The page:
Cookie Boycott- Tabitha Corrao

In California a fourteen year old girl by the name of Taylor began a boycott against the Girl Scouts Organization. As a Girl Scout herself, Taylor was displeased to find out the Girl Scout Organization is allowing transgendered males into Girl Scouts. Taylor was taught by the Girl Scouts that when she seen something she disagreed with, she needed to take action and try to change it. Taylor took action by making a video about her issue with the Girl Scouts’ action and launching a boycott against buying Girl Scout cookies.

Taylor’s argument is that the GSUSA is breaking its own safety rules and is go against its own research findings to accommodate transgender boys. One of Taylor’s supports is that the Girl Scouts’ policy is the following “Girl Scouts is an inclusive organization and we accept all girls in Kindergarten through 12th grade as members,” implying that boys are not welcomed into the organization. When in reality the policy states “If a child identifies as a girl and the child’s family presents her as a girl, Girl Scouts of Colorado welcomes her as a Girl Scout.” Nowhere does the policy imply males are not welcomed into the organization.

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5 Responses to Cookie Boycott- Tabitha Corrao

  1. davidbdale says:

    Tabitha, your first paragraph seems straightforward enough. It is certainly careful to not say too much and to be clear. On the other hand, it “begs the question” to call Bobby Montoya a “transgendered male” because whether he’s male of female for the purpose of scouting is exactly the point being debated. The Scouts admitted Bobby because she presents as a girl. Taylor would ban him from scouting, at least from girl scouting, because he’s a boy who only wishes he were a girl.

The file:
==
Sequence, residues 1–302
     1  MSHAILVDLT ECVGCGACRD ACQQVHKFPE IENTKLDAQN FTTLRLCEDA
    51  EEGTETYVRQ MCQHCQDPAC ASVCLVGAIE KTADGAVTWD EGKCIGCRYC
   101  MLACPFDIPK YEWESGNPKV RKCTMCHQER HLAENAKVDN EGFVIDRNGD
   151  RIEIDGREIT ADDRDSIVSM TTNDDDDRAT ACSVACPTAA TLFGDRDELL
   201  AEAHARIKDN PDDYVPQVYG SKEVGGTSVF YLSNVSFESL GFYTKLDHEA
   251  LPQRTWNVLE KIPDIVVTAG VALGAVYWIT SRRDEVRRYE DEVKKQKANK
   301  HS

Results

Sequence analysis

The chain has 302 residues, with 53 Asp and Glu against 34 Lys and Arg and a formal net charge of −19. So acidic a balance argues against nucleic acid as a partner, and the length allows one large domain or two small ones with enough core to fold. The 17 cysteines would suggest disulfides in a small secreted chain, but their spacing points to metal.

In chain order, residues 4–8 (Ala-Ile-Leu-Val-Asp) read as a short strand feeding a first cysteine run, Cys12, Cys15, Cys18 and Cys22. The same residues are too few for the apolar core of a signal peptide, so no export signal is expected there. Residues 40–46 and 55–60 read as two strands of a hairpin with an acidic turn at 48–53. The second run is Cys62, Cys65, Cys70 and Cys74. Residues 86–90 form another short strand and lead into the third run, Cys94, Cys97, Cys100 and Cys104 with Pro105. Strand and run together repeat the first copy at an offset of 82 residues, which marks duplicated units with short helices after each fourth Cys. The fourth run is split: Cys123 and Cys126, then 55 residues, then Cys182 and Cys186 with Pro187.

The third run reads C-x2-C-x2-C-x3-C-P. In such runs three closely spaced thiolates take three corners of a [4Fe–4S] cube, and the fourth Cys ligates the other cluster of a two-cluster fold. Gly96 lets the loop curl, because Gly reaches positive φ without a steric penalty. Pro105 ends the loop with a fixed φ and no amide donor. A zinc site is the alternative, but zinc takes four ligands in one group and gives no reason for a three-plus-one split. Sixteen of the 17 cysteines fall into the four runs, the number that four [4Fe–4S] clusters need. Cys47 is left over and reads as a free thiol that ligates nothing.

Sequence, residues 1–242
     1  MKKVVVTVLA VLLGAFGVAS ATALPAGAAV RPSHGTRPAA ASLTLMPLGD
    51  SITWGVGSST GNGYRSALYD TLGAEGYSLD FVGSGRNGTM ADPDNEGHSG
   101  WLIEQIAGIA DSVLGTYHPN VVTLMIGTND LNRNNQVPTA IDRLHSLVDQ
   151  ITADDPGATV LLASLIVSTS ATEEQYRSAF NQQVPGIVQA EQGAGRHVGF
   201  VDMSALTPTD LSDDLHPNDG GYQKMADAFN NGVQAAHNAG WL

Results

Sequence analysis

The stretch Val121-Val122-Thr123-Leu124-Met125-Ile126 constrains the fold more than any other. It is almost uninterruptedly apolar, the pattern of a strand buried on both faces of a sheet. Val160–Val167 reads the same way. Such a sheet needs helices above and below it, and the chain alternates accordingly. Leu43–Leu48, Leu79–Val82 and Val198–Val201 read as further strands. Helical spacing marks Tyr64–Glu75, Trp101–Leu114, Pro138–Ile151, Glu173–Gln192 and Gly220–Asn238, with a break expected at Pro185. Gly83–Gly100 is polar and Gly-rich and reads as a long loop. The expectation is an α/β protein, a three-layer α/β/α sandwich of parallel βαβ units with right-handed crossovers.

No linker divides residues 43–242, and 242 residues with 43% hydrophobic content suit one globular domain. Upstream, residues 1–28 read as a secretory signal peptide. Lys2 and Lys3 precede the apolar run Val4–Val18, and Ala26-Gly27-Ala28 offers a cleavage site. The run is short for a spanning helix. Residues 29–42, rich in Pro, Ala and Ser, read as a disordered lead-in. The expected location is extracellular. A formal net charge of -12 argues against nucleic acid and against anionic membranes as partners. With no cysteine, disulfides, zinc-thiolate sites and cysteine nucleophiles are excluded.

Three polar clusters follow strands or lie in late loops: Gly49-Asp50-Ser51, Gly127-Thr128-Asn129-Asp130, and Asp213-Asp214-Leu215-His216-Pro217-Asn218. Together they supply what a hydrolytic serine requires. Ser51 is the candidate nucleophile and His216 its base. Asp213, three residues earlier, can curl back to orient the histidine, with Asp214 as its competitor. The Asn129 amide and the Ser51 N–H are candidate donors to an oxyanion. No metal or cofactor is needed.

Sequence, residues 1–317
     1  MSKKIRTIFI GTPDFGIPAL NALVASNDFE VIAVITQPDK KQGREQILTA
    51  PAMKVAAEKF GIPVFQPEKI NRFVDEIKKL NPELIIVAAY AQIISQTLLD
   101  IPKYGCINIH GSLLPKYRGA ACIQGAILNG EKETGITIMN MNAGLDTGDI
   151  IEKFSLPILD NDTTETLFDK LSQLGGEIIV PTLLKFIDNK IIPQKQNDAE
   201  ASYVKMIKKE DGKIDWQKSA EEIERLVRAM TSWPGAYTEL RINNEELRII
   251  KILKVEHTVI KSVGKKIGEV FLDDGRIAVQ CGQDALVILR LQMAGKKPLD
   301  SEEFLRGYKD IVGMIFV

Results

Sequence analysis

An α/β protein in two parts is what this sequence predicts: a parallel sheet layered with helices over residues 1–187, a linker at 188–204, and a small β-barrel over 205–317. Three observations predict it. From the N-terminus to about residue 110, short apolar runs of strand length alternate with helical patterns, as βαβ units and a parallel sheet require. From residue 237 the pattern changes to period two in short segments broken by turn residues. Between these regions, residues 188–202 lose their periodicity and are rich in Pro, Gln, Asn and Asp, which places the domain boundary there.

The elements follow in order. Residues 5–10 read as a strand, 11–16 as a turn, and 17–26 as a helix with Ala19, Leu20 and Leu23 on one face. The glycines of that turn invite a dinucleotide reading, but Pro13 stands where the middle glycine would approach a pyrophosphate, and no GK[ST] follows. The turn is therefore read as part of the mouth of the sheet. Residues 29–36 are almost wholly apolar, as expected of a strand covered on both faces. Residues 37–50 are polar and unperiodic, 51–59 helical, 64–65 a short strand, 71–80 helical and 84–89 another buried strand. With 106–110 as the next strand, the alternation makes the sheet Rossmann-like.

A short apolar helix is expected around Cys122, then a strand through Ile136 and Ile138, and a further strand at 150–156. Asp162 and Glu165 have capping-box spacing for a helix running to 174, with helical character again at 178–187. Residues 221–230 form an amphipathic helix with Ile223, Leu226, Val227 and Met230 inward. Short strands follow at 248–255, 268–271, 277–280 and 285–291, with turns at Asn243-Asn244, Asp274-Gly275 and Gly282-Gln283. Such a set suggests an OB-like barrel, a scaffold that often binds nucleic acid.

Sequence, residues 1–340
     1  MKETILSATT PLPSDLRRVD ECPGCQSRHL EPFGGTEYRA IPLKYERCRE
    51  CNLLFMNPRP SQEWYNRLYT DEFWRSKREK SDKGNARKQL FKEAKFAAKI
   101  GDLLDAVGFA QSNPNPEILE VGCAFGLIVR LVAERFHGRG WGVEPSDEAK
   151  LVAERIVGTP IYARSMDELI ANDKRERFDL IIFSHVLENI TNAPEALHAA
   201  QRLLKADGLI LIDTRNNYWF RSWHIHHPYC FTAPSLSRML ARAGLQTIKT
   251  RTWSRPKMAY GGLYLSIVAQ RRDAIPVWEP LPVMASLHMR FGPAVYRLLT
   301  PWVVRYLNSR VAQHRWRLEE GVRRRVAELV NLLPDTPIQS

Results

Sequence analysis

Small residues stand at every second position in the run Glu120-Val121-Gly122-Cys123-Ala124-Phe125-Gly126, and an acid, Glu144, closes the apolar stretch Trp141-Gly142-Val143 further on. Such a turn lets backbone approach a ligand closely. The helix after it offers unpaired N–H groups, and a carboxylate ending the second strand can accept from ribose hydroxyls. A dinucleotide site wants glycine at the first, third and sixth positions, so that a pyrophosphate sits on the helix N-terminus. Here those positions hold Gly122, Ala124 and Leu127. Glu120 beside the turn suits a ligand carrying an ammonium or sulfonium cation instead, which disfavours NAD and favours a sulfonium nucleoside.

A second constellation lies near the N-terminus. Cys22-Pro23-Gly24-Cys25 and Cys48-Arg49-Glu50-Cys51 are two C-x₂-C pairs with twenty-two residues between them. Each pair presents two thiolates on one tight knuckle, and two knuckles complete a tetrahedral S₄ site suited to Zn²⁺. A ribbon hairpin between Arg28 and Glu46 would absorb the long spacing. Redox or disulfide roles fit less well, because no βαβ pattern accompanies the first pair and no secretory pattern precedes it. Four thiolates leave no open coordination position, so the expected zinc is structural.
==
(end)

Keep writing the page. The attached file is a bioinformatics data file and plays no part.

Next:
I like how clearly you state that Taylor objects to the GSUSA’s violation of its own safety policies. But you skip right past any analysis of the validity of her argument and go directly instead to another claim about inclusiveness.

    You do find two sources that make contradictory statements about boys and girls, but the one you identify as the “real” policy is one person’s remark, while the other is from an historical mission statement. You might lose your argument on the grounds of who has the more authoritative source.

    Either way, what Taylor objects to is the very policy blurriness these two sources illustrate. “The pledge says one thing,” Taylor claims, “and when the chapters violate the pledge, the current Scout leadership changes the pledge. That’s dishonest.”

    For top grades you need to draw your lines more clearly, Tabitha.

    Grade Recorded

  2. tcorrao says:

    I have a question reguarding our topic. Are we looking to prove something or to discuss it?

    • davidbdale says:

      That’s a perfectly reasonable question, Tabitha. Every research paper eventually proves a thesis of some kind, but usually the thesis evolves out of the research. During the preliminary stage, while you’re still reading broadly in the topic hoping for inspiration, you only have questions and theories. I would imagine that’s where you’ll be on Thursday.

      Ideally, you’ll have come across a mystery of some sort: a question that doesn’t seem to be answered, or a bit of common knowledge that doesn’t actually sound reasonable when you give it a second thought. If there’s no such intriguing question in the preliminary research you’ve done, you either aren’t open to the mysteries, or you’ve chosen a topic that doesn’t truly interest you.

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